Working for the U.S. Postal Service—with its tightly
structured rules, regulations, and schedules—might
seem to be the most unlikely way possible to escape "the
system." But wait! Part-time postal work could turn
out to be exactly the sort of I'm-still-my-own-boss
employment that you've been looking for! It requires no
investment or expensive training, nor any special skills
(other than common sense and a little physical dexterity)
... and you might even be able to choose the number of
days you'll work per week!
Naturally, such lenient qualifications aren't applicable to
all positions in the Postal Service, but they do apply to
my job: I'm a substitute rural carrier. In other words, I
deliver the mail when the regular postman or -woman is
sick, goes on vacation, or has a day off — events which
occur about 50 times a year on my route, or almost one day
a week. My schedule, then, provides some cash income plus
the time I need to get our farm going!
A Full Schedule
On the days that I work for Uncle Sam, I'm as busy as the
devil at a revival meeting! First, I get up at 4 a.m. to do
the daily chores that are too heavy for my wife and
children to handle. Then I drive 27 miles into town,
arriving at the post office about 6 a.m. Right away, I pick
up my mail from the bins where most of it has already been
sorted, according to routes, by the clerks. (They've been
on the job since 2 a.m.!) My first task is to "case" the
letters by placing them—in the order that the mailboxes
come up on my circuit—in pigeon-holes in a seven-foot-tall
Getting the mail in order takes me anywhere from two to
three hours. When the chief clerk calls out "all up," I
collect the last batch for my route, case it, and
then—somewhere between 9:00 and 9:45—pull all the mail from
the cabinet and tie it into bundles so it will stay in
order while I'm out on the road.
Depending upon the size of the day's load my deliveries
will require up to three hours to complete, so I'm
almost always back at the post office shortly after 12:30.
There, I case up all the mail that arrived while I was out
on the route ... and that's it for the day! No hassles,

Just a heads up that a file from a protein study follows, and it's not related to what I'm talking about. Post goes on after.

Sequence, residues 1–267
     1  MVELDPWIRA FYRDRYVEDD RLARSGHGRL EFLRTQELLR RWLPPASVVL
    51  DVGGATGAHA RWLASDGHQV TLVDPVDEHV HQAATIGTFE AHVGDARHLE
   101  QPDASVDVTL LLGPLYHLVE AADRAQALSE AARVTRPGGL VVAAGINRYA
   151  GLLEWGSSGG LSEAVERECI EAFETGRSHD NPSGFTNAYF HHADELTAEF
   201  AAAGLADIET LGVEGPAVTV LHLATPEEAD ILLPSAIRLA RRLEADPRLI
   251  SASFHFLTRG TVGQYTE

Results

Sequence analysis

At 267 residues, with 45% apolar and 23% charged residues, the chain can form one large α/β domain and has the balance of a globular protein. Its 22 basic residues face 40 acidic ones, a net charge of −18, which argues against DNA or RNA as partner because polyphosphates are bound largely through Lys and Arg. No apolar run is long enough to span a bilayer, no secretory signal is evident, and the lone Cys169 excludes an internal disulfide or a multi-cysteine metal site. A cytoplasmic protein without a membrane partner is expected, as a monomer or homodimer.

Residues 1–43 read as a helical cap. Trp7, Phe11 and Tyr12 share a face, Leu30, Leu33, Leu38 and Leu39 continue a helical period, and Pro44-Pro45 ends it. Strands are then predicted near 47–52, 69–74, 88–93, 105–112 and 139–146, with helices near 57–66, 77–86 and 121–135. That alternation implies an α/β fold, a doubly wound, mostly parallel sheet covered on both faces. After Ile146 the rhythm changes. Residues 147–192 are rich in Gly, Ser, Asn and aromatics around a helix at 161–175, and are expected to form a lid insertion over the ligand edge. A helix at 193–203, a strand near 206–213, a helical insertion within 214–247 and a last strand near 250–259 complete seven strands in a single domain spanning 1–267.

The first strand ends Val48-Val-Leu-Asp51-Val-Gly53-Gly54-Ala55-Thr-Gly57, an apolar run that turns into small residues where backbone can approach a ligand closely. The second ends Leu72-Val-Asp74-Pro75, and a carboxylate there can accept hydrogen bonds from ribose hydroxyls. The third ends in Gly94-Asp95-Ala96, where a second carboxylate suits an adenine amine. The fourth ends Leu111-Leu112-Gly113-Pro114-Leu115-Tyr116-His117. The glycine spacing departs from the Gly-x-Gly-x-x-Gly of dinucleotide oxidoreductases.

no wasted time: I come in, do the work, and leave as soon
as it's finished.
And the pay isn't bad, either! Actually, the salary differs
slightly for each route, based on the mileage and the
number of mailboxes involved. For an average 40- to 50-mile
rural route, a regular carrier will earn about $18,000 a
year (plus overtime when the workload requires more than 40
hours a week). Part-time pay is proportionate to that
amount. When I include the mileage allowance for the use of
my car while delivering the mail, I figure I make the tidy
sum of between $60 and $70 per day.
In addition to the extra cash and the flexible schedule
possible with part-time work, there are other, more
intangible benefits with Postal Service employment.
Delivering the mail on a rural route is a great way to meet
some mighty interesting folks (not to mention the fact that
it provides an opportunity to enjoy the beautiful
countryside you'll likely pass through while making your
By virtue of the job, the letter carrier seems to be
everyone's friend, too. Children regularly meet me to pick
up their family's mail, and older folks stop me to
chat about their newest grandchild. Furthermore, whenever a
gardening or a construction problem crops up on my own
homestead, I've got 400 "neighbors" to consult with. For
instance, if I want to know what to do about tomato blight,
I simply stop at the house along my route that has five
acres of healthy tomatoes out back and ask!
There are also a few surprise "bonuses" that come with the
job: Just the other day one old man gave me a valuable
40-minute lesson in predicting the weather from natural
phenomena ... while a retired gentleman who likes to bake
routinely leaves huge, fragrant loaves of bread in the box
Unfortunately, getting a position as a part-time rural mail
carrier isn't as easy as is carrying out the duties once
you've got the job. Since the Postal Service is part of the
federal bureaucracy, its hiring process involves a good bit
of red tape.
First of all, every post office in the country maintains
its own register of qualified applicants. All
vacancies in the carrier lineup are filled from that list.
To have your name placed on a register, you must take a
special Civil Service written exam which is
administered only when the old list is exhausted (and that
could mean a long wait, depending on the turnover of
personnel in your area).
To further complicate matters, an aspiring mail carrier is
required to take the test at each post office where he or
she would like employment. (In addition, if you aren't
hired within a year, you'll have to complete the same exam
again!) Once a station's register is made up, consideration
for any available jobs is given in order of highest test
scores. The top three candidates compete for each
opening. Then—when the existing roster is almost
exhausted—another testing session will be held and a
new ranking list drawn up from the test scores.
The system is generally without bias, although veterans do
have an edge over other candidates, since five points are
automatically added to their test scores. (Disabled
veterans receive an extra ten points.)
Of course, it's possible—but unlikely—that you could be in
the running many times and never hired. Actually, it's much
more probable that you'll be considered several times
before you're hired ... and there's even a chance that
you'll land a job the first time you're interviewed!
So, if you want to break out of the full time employment rut
and bypass the system, why not do it by taking a job with
one of the oldest branches of the federal establishment?
Sure, it may sound paradoxical, but substitute postal work
offers extra cash, on-the-job freedom, and enough spare
time to pursue your own choice of lifestyle. All you have
to do is go back to the land ... by mail!